Because animals deserve better. Maybe we are far to different, but I can’t imagine seeing an animal suffering and being able to enjoy a movie. I’d be upset, not be mention enraged. Those animals experienced those events, they felt them, they felt pain. I don’t think a movie justifies that pain, and eating them doesn’t justify their torture. I think people are far to detached from the reality of these situations. They’re so used to seeing suffering that they can’t tell the real from the fake, even if they understand it to be real.
And regardless, why is everyone saying that these animals would be killed anyway? I’ve read that they killed another spider monkey after the first one because they didn’t get the shots right. How is that justified? Because it would be disturbing in a movie? Are we so materialistic that we will allow some of the most vulnerable creatures on the planet to be tortured and exploited for our entertainment? Shouldn’t beings that consider themselves to be the most advanced creatures on the planet be a little more compassionate to those are considered below us?[/quote]I take it you’ve never been hunting eh? Me personally, I don’t hunt (none of my parentals have ever been into it) but I’ve seen enough deer, rabbits, squirrels, etc. killed and then skinned that this sort of stuff doesn’t leave a very deep mark on me. I’m also not a vegan and am not naive about how my dinner gets to my plate. I’m also not bothered by this, as I feel it’s entirely in our nature to hunt and feed. So, believe me, I can understand where you are coming from and wouldn’t push you on watching this film - I just think those of us who can handle watching this should allow ourselves to be open minded enough to understand the situations behind the film and the various cultures that helped produce the film. If you don’t, you miss out on a highly intriguing statement film that is true uncondensed power put to celluloid.
The monkeys killed in the film were killed in an immediate fashion and I doubt they felt anything. I realize that still doesn’t change the fact that they died, but just to let you know. Their brains are considered a delicacy in many countries including the one that the film was shot in - and they were eaten by members of the crew. So, in that instance it doesn’t seem so incredibly horrible, but that’s just me. I figure, if these guys are living out in the jungle and eating monkey brains on a daily basis - if it contributes to the film and the audience can handle it (as Italian audiences loved looking at primitive cultures back in the late seventies) then I don’t feel a large moral detraction from it. Essentially average happenings caught on camera and the way it’s shot it might as well have been stock footage. The muskrat in the film to me was probably a bit excessive - but only because it was able to vocalize it’s pain. If you’ve ever seen a rabbit killed though, it’s equally as brutal. Smacked over the head + throat slit is the usual way it’s done, but rabbits aren’t so loud. God, what was it, Nekromantik that showed such a death? Far more brutal than anything in Cannibal Holocaust I thought, and it appeared to be stock footage from some farmer.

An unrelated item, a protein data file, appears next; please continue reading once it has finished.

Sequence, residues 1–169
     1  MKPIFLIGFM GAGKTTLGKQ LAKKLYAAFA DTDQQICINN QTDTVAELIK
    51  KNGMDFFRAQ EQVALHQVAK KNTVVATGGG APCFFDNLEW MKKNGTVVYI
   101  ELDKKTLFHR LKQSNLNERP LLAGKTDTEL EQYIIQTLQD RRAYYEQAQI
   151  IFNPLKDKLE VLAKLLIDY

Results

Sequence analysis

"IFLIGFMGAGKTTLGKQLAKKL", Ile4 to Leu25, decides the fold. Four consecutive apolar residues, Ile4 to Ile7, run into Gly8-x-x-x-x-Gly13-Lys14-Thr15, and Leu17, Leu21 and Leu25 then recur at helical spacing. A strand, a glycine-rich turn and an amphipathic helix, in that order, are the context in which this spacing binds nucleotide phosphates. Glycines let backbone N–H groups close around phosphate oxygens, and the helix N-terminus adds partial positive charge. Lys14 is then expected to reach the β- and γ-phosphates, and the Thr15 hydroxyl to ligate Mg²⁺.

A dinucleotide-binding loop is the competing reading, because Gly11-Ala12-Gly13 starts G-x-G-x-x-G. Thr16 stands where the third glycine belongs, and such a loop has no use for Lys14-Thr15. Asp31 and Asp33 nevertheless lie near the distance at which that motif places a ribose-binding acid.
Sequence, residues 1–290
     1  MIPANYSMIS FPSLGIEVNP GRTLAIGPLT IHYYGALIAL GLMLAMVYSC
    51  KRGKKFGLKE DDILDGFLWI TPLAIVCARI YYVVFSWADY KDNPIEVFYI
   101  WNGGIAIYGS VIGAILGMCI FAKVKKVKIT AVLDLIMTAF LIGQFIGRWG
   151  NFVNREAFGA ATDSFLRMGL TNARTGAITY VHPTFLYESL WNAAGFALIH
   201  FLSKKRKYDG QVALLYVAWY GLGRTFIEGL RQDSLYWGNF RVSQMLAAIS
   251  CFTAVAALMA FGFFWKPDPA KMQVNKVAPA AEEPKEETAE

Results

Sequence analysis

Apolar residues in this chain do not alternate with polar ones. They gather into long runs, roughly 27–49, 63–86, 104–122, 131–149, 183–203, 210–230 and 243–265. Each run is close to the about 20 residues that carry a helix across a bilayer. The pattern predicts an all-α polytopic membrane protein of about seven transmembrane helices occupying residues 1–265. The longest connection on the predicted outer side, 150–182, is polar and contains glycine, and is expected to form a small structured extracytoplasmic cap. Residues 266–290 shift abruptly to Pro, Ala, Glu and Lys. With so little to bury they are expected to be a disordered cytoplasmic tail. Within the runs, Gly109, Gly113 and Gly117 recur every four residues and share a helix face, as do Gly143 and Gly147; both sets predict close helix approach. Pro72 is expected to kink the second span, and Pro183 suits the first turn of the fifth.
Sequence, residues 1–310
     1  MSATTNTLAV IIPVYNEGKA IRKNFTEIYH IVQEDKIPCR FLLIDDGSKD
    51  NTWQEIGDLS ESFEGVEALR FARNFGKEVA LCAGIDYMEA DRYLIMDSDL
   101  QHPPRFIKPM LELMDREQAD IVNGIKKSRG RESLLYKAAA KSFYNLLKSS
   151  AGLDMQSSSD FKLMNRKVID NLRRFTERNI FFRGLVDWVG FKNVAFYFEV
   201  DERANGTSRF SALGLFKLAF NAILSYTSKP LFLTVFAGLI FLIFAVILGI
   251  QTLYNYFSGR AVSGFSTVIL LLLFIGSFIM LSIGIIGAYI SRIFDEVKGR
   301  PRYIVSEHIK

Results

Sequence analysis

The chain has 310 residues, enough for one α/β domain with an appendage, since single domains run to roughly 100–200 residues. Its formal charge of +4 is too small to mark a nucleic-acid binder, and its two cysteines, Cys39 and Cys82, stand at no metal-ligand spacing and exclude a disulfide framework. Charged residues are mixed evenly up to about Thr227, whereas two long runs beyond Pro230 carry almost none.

I’m not saying you in particular should be able to watch this with no problems. Being that eating animals goes against your principals, this would probably offend you in a far worse degree than most - but for those of us who eat meat every day, what happens in the film looks most like a primitive version of what happens in slaughter houses the world over.
I think the reason I feel the way I do is because at it’s heart, Cannibal Holocaust feels like more than just simple exploitation in my view. When I first heard about it… like, eight years ago or something, I thought to myself “that’s sick, I’ll never watch that!”. I really did, and I grew up around squirrels being decapitated and skinned on my front porch. I thought it sounded like a lame excuse for animal torture on merit with pornography. However, eventually after seeing so many other films I had to bite the bullet and let curiosity get the better of me. I was disturbed after my first viewing, no doubt and still wasn’t sold. Then I caught more of Deodato’s other films and I realized his films were of a whole higher level quality than so many of these other films. I’m certainly not saying “no one should be disturbed at this” or even that Deodato is 100% free of using these animals deaths to sell tickets. However, I feel the film has tremendous worth and is an incredible piece that unfortunately is shrouded by it’s own controversy and possibly steers away those who might would find the impact of the film worthwhile. For horror fans out there, I highly recommend it to expand their horizons and to grow as fans. It’s shocking, but not without reason.